With accelerating development of personalized cancer treatments matched to a patient's DNA sequencing, proponents say frontline physicians increasingly need help to maneuver through the complex genomic landscape to find the most effective, individualized therapy.
In a paper published in the May 5 online issue of The Oncologist, researchers at the University of California, San Diego School of Medicine and Moores Cancer Center detail their experience evaluating 34 patients between December 2012 and June 2013 using a molecular tumor board - a new type of advisory group comprised of multidisciplinary experts, including those in the fields of tumor genetics, basic science and bioinformatics.
"Next generation sequencing tools were used to profile patients' tumors," said Razelle Kurzrock, MD, director of the Center for Personalized Cancer Therapy at UC San Diego Moores Cancer Center. In the 34 cases examined, no two patients shared the same genomic abnormalities. "We found 74 genes with 123 aberrations involved in cancer growth. Technology is permitting us to look at the molecular level of tumors, but most physicians are not trained in advanced genomics. We need access to experts in fundamental molecular biology to translate the data."
The Moores Cancer Center's Molecular Tumor Board brought together medical, surgical and radiation therapy oncologists, biostatisticians, radiologists, pathologists, clinical geneticists, basic and translational science researchers, and bioinformatics and pathway analysis specialists to discuss the intricacies of tumor genetics and tailor a personalized treatment plan for patients with advanced cancer or who have exhausted standard therapies.
Of the 123 abnormalities found in the patients' genetic cancer profiles, 107 of these irregularities appeared only once. "Cancer can be different in every patient," said Barbara Parker, MD, Moores Cancer Center deputy director for Clinical Affairs. "Standard therapy can be very efficient for many patients, but for those who do not respond to conventional treatment we need to find alternatives that will work for their disease."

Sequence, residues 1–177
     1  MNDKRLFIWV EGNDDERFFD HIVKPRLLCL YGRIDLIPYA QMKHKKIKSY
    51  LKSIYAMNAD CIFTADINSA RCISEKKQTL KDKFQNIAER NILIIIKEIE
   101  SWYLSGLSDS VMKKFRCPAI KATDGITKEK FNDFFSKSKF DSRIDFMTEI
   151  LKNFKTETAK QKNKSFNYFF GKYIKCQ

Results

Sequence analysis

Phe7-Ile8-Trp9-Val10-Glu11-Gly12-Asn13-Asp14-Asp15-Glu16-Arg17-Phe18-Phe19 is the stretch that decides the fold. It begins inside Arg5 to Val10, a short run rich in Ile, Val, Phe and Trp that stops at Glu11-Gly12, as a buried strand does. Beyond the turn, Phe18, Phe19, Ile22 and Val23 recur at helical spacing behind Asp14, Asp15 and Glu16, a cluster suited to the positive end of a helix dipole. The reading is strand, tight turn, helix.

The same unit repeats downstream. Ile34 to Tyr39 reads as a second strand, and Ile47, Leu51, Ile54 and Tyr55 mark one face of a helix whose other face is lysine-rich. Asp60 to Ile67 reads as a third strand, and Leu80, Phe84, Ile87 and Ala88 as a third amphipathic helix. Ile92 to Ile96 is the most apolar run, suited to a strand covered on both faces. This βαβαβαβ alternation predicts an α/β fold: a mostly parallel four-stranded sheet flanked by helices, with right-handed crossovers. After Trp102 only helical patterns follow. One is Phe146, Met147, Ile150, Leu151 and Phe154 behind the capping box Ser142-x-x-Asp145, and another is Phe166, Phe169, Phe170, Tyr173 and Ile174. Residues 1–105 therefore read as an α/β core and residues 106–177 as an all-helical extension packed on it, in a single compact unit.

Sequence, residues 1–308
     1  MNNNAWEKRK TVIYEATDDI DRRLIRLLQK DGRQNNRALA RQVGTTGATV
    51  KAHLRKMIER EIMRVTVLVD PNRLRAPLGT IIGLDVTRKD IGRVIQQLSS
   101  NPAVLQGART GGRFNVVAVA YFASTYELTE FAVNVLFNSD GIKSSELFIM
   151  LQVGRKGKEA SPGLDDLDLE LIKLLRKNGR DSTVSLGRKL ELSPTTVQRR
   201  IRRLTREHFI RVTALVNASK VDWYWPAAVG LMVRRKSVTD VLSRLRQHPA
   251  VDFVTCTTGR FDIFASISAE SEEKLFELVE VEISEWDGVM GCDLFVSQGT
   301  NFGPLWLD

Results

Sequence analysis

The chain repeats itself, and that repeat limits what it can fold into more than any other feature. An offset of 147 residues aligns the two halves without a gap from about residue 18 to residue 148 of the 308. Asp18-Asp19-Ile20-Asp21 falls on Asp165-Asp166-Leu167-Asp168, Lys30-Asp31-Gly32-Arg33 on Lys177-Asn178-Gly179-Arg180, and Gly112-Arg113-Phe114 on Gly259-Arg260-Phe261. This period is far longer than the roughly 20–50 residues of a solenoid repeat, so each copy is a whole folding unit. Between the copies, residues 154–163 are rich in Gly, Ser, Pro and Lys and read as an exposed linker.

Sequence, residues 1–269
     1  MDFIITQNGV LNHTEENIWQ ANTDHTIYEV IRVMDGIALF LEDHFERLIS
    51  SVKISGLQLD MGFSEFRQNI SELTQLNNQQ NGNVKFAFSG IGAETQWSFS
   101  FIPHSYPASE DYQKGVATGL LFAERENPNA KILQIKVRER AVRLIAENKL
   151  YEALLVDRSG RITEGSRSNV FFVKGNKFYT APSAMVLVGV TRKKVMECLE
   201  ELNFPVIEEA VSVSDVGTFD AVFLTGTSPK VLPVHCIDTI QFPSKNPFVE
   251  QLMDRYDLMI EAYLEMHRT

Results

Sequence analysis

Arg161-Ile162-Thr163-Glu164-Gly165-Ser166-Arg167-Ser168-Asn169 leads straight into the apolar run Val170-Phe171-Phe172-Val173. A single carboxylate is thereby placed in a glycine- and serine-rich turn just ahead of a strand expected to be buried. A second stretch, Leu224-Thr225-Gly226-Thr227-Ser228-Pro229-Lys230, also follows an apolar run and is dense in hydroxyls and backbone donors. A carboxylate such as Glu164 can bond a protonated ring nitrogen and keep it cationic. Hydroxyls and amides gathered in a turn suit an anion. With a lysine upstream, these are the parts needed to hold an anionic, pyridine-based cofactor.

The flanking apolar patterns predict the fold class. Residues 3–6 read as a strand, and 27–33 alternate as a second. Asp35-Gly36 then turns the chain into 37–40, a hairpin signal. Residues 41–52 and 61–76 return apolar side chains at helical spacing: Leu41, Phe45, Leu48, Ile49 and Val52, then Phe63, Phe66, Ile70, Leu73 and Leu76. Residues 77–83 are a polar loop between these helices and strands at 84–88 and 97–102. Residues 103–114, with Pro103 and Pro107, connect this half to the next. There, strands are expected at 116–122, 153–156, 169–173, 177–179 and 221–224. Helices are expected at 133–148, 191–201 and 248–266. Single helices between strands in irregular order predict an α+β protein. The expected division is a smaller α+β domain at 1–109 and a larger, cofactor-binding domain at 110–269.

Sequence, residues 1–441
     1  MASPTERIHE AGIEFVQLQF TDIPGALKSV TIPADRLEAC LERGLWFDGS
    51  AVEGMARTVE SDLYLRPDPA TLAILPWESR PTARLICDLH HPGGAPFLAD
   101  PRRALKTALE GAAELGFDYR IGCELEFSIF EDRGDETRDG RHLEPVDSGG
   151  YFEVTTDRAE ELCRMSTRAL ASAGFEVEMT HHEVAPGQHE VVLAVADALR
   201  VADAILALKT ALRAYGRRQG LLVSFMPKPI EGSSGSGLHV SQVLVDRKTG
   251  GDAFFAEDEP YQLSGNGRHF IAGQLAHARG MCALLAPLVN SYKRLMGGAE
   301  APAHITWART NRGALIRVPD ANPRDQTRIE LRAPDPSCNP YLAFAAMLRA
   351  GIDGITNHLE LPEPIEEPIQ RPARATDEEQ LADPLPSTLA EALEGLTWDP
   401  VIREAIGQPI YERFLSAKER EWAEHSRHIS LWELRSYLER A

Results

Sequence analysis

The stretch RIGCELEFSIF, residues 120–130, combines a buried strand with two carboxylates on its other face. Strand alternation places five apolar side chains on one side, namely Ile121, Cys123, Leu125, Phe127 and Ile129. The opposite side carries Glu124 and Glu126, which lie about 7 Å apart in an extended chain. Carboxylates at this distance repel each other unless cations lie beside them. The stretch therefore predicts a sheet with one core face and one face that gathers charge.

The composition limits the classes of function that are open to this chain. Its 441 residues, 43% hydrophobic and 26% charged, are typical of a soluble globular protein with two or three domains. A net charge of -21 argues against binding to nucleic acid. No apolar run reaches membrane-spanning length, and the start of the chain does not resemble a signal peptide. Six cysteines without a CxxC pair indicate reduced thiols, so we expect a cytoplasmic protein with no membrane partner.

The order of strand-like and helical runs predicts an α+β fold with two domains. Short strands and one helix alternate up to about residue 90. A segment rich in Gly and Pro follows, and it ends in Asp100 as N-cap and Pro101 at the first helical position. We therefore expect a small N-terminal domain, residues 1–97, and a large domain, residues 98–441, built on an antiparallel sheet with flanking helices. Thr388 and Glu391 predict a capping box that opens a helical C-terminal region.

For 12 patients studied who had failed to respond to conventional therapy, treatment plans were modified according to the results of their genomic testing and the Molecular Tumor Board's input.
"Three of the patients who had personalized cancer treatment plans discussed at the Molecular Tumor board had a partial response," said Richard Schwab, MD, Moores Cancer Center hematology oncologist and co-director of the Biorepository and Tissue Technology Shared Resource. "Developing a plan tailored to a patient's genetic makeup is helping us treat patients who are not responding to standard care or whose disease may have become drug resistant."
Other patients in the study had their molecular profiling done while they were receiving treatment that was still working for them because their physicians anticipated that the therapy would become ineffective. The results of genomic matching in these patients are not yet available. Some patients could not be treated on the basis of Molecular Tumor Board discussions because there was no clinical trial for which they were eligible or because insurance would not cover the discussed medications.
"We have found that molecular diagnostics play an important role in patient care when paired with the expertise of a molecular tumor board," said Maria Schwaederle, PharmD, lead author and a researcher in the Center for Personalized Cancer Therapy. "However, the immense complexity of tumors and their genomic aberrations will require sophisticated computer technologies for optimal interpretation, and patients need access to more clinical trials and to targeted drugs."
This research was funded, in part, by MyAnswerToCancer and the Joan and Irwin Jacobs Fund.